The entire survival of our immediate neighbor Mexico is built on two assumptions: billions in cash remunerations must be sent back by its citizens living illegally in the United States, and millions of them must leave and head north rather than march en masse on Mexico City to seek redress of grievance. Taken in that context, the United States is not merely giving billions of dollars in foreign aid the world over, but in fact trying to vent the social unrest of much of Mexico and Central America — in the same way that we were the safety-valve for Europe for much of the nineteenth century. Let Italy, Holland, or Austria allow 10 million from Bangladesh, Nigeria, or Mexico to cross their borders rather than merely send food and medicine abroad.

Europeans also have a strange way of looking at the history of the twentieth century. Just because on two occasions they have wrecked their civilization and suffered greater tragedy than we is no reason to forget the origins and remedies of those great calamities.

Let us remember that Germany, Austria, France, and England almost ruined Western culture between 1914-18. Only the belated entry of a million American soldiers stopped the bloodletting. Two decades later, deviant states in Italy and Germany nearly ruined the West a second time — in the process eliminating 6 million of Europe's finest citizens. Western Europe — the bedrock states of the EU of Holland, France, and Belgium — could do little and capitulated in a matter of weeks.

All were liberated only due to the efforts of muscular and unsophisticated Americans. I suppose that concern with Europe is why we said "Hitler first," even though it was the Japanese, not the Nazis, who had attacked us directly and were the most immediate threat.

There is no need to recount the half-century of the Cold War. Despite the shrill nonsense of Euro-Communists and socialists, few doubt that had America not stood firm in creating NATO, the entire continent would have been conquered in the manner of Eastern Europe. Then there are the minor affairs, beyond the Berlin Airlift and the American assurance to risk New York and Washington to stop Soviet armor from reaching Bonn and Paris.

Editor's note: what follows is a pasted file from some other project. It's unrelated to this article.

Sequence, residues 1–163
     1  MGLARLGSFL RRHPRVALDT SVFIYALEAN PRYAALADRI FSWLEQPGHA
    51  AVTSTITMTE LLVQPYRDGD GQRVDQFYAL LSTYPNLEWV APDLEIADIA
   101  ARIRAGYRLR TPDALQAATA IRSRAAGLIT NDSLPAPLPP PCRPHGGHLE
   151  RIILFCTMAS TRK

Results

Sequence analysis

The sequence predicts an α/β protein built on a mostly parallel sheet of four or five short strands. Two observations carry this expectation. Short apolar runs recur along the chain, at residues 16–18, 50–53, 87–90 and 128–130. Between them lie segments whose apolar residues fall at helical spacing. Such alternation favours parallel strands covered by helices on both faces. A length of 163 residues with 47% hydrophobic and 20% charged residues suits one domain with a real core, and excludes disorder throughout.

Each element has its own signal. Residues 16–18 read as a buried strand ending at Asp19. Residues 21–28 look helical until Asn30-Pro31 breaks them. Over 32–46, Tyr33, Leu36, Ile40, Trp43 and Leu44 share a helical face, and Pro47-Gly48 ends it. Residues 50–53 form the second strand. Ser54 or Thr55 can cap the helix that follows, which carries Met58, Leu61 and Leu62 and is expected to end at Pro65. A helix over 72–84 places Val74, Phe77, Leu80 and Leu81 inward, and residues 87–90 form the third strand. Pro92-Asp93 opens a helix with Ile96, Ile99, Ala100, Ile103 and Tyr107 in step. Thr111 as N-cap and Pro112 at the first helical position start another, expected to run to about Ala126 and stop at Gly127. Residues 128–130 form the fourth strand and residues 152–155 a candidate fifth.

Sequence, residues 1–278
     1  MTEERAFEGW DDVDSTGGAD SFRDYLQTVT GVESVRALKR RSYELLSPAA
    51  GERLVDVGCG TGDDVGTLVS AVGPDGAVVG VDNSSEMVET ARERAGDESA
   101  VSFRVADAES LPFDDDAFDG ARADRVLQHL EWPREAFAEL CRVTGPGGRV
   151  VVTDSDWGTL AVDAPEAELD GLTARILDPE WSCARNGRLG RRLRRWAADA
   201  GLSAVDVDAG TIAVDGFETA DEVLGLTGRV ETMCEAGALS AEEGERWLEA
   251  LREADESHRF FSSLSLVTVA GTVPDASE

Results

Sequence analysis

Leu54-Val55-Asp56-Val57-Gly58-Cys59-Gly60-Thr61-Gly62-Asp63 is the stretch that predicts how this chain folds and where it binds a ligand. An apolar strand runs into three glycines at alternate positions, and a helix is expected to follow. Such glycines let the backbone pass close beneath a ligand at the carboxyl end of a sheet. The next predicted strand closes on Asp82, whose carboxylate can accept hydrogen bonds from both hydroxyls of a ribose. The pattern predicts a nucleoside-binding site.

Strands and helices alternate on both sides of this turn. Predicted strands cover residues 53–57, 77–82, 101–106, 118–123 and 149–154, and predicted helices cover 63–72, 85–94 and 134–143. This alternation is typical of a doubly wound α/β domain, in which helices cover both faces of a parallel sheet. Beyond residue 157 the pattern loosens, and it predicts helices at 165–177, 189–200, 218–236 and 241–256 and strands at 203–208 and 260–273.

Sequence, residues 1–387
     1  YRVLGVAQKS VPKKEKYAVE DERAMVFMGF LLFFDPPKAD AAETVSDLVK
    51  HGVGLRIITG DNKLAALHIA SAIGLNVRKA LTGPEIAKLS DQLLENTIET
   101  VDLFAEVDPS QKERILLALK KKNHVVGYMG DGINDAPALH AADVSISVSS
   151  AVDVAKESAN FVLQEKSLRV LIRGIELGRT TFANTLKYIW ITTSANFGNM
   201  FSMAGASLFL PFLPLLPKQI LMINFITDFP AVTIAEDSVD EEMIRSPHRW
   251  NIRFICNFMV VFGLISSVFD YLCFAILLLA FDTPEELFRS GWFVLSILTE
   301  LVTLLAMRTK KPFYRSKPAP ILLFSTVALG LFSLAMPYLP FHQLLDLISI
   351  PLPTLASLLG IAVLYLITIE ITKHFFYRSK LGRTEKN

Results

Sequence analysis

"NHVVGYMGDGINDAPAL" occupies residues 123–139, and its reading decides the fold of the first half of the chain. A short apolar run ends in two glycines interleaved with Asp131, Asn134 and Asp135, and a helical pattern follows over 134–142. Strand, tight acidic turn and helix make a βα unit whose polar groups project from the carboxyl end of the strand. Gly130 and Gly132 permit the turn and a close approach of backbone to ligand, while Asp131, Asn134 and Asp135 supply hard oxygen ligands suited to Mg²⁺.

The British created Israel, and then bailed with the rest of Europe when it became clear that continued support would endanger the friendship of their former colonial subjects — now full of oil and terrorists — in the Gulf, Syria, Egypt, and Iraq. The Europeans most recently sat paralyzed in fear as 250,000 of their neighbors were butchered in the former Yugoslavia — and that was after Soviet tanks were being melted for scrap.

So there is a sad pattern to this sad century. We did not beg to get involved in two world wars. The Soviet Union was no threat on land to us. We didn't know much about the Middle East or the Palestinian problem or Serbia. But somehow we certainly were needed for something by someone to prevent a catastrophe.

The Europeans apparently talk only to our elites on the East Coast, who in turn apparently worry whether they are treated politely or rudely in London or Paris. But the vast majority of Americans simply could not care less. They do not think K-Mart or Target are crass; they eat fast food instead of hour-long lunches because they work at hectic 40-50-hour a week jobs that would send much of Europe into a revolution. They are trying to assimilate millions of some of the poorest people in the planet into their culture — a far more daunting task than reuniting East and West Germany.

In this regard, Europe should pay closer attention to America's demography as well. Some of us teach classes made up of 60-70 percent from immigrant students from Mexico, the Punjab, or Southeast Asia. These newcomers have little immediate cultural or emotional ties with Europe.

Even two decades ago, all my Hispanic friends in our local community were vehemently cheering on Argentina, and damning rumors of American assistance to England. By 2050, a quarter of the population will be of Hispanic heritage; perhaps another 20 percent Asian and African American. Their view of Europe will be predicated on its attitudes in the here and now, not on a reservoir of good will based on a common emotional bond or ethnic heritage.

Yet in the past six months, our European allies have been frittering away almost all of America's past positive sentiments toward the continent. After the European reaction to the aftermath of Sept. 11, I doubt seriously whether America would wish to intervene as we did in 1999 in Kosovo. Should there be chaos in the Aegean, should there be a falling-out between Russia and Eastern Europe, should there be a missile attack on a European capital from Iran or Iraq, should China make demands on the EU, there would now be zero support in the United States for the use of American troops abroad.

As we have seen — thanks to Europe — Article V of NATO now means little, if anything. Nor is this growing reluctance to aid Europe a return to American isolation or knownothingism. Americans in contrast feel strongly about their obligations to Japan and Latin America, and their thawing relations with India and Russia.

So the problem is not with us, but with the Europeans. And if the dividends of their new utopian and increasingly unfree EU are what we've seen in the present crisis, it may well be that we can only remain friends by being allies no longer.

Victor Davis Hanson is the author of
Carnage and Culture: Landmark Battles in the Rise of Western Power

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17 mar 2002